There are two saddle campsites and one at the summit itself. Each area can comfortably hold about five to eight tents. The views at either of the campsites offer clear sights of neighboring mountains (like Tapulao and Arayat) and the Tarlac terrain.

The traverse to Ubod Falls takes an average of three to four hours through more cogon-lined paths and steep trails. There are a number of roped segments to make the way down and up easier. Fifteen minutes away from the 100-foot Ubod Falls, you will pass by a smaller one through which you will have to negotiate the final roped segment.

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King of the country’s mountains

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So there we were, at the peak, shivering from head to foot in the cold mountain air and rainfall. Ah, Mt. Apo – indeed the grandfather of all Philippine mountains (2,956 MASL) . Halfway into conquering him, we have already had our fair share of shifting landscapes and contrasting trail types. As nighttime bade hello, we set down our full packs and quickly assembled our tent amidst the biting wind. Good thing we had the entire peak to ourselves. We settled for a spot inside a shallow cave and hoped the tent can take the battering of the winds.

Our gracious host and guide Jezer Paro* (+63 918 7819861) is nothing short of amazing. Contacted at the eleventh hour, we were fortunate he was available and agreeable to our 2-day traverse of the Kapatagan (Davao) and Kidapawan (North Cotabato) trails. His suggested plan was to start at the Kapatagan side and climb all the way to the summit on the first day, make camp at the summit area and descend to Lake Venado and the Kidapawan trail the next day. Whereas the usual itinerary takes three or four days for the entire traverse, we opted to challenge ourselves to finish it overnight. Jezer knew the ins, outs and shortcuts of the mountain by heart. With all his tricks, we were able to cut short our ascent by an hour or two. We negotiated the ascent for a total of seven hours and 25 minutes and the descent for a staggering seven and 15.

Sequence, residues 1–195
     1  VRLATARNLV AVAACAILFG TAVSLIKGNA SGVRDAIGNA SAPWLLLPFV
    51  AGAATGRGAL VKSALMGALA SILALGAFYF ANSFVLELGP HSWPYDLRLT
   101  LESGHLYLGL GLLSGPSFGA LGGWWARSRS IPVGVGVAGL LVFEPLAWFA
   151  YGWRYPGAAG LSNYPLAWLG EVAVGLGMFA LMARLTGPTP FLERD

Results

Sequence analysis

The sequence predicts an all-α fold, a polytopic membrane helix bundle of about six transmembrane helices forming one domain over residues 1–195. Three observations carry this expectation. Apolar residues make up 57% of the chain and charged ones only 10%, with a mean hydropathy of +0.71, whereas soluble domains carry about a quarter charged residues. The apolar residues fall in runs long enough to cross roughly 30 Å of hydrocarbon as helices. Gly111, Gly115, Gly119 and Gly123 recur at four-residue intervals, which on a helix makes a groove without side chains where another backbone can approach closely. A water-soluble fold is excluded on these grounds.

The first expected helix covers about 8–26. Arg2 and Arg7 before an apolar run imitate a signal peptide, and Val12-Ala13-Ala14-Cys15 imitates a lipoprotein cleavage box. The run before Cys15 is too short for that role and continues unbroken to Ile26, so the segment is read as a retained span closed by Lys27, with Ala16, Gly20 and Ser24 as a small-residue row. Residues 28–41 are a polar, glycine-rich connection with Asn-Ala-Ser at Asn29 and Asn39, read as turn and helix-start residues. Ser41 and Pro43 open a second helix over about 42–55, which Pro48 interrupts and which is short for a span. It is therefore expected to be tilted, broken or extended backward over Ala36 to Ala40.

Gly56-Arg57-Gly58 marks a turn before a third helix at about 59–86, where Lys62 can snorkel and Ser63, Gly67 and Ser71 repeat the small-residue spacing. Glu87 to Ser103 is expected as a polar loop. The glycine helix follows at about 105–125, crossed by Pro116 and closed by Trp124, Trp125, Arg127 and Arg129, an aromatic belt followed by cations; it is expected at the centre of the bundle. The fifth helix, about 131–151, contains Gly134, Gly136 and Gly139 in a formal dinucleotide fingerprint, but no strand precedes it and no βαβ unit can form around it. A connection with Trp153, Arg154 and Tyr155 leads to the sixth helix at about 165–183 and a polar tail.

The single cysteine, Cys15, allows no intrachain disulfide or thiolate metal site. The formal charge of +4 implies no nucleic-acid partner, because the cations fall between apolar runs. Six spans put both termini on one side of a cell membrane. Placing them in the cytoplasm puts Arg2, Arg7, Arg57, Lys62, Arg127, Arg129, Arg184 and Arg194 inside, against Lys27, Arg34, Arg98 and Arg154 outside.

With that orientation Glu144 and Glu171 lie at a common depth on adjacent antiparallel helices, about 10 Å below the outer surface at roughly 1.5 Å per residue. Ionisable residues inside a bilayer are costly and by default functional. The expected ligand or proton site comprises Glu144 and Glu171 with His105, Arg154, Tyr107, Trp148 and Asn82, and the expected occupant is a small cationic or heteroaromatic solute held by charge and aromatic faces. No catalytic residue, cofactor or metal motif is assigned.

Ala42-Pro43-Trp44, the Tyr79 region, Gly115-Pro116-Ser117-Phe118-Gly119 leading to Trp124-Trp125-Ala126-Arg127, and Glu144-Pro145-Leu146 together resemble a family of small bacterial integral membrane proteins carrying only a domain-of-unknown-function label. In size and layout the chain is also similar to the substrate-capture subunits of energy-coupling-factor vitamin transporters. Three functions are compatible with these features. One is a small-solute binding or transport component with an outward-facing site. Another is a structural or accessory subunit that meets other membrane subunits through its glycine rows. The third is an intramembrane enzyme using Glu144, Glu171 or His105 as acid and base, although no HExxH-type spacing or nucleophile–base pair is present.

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Tarak and its windy ridge

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My first climb for the year took me to one of Bataan’s highest points. Tarak left me with two things.

First, like a wordplay, I now understand how it got its name. The initial portion of the climb involves the usual wide trails through grasslands and flatlands. Three hours into this type of trek, you will reach the Papaya River where you break for lunch and the last water source. The second leg of the mountain’s assault leads to an exciting and almost two-hour cardiac trail. Steep and covered, you may need to hold on to branches and roots and climb using all four limbs for support. In two hours, you will arrive at the ridge where you will have a fantastic panoramic view at 1,006 MASL. Groups can choose to camp at an enclosed area before the ridge (which can accommodate roughly ten tents) or at the wider and open area at the ridge itself.

This brings me to my next Tarak lesson.

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Arayat: the case of the missing trail

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And I thought guides are supposed to know and lead the way. Up until this climb.

An ambitious dayhike traverse from the Magalang to Arayat trails ended on a rather mischievous note as we learned from the lead pack that our juvenile brothers from Brgy. Ayala on the Magalang side seemed to have lost the trail while already at the foot of Mt. Arayat.

Nevertheless, our group of nearly 25 reached Brgy. Baño at the Arayat side in under ten hours.

Through established trails to the North Peak, we traversed through an exciting ridgeline to the South Peak and continued on to a dense hunter’s trail until we got to the base of the mountain. The descent becomes a test of patience as one negotiates aimlessly through paths covered with trees, vines and roots.

It took the group only three hours to reach the first peak where one finds a communication tower and an army detachment. The peak, at 1,026 MASL, has a campsite and a great view of the flat agricultural lands of Pampanga. The Pampanga river can be seen snaking through the rice fields. After a half-hour lunch break, we resumed the climb. The trek to the second peak (1,008 MASL) takes only about two hours. We passed by White Rock before reaching the southern peak where we stopped for the customary photo ops. It then progresses to a three- to four-hour descent via the Arayat trail.

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Kalisungan is not a walk in the park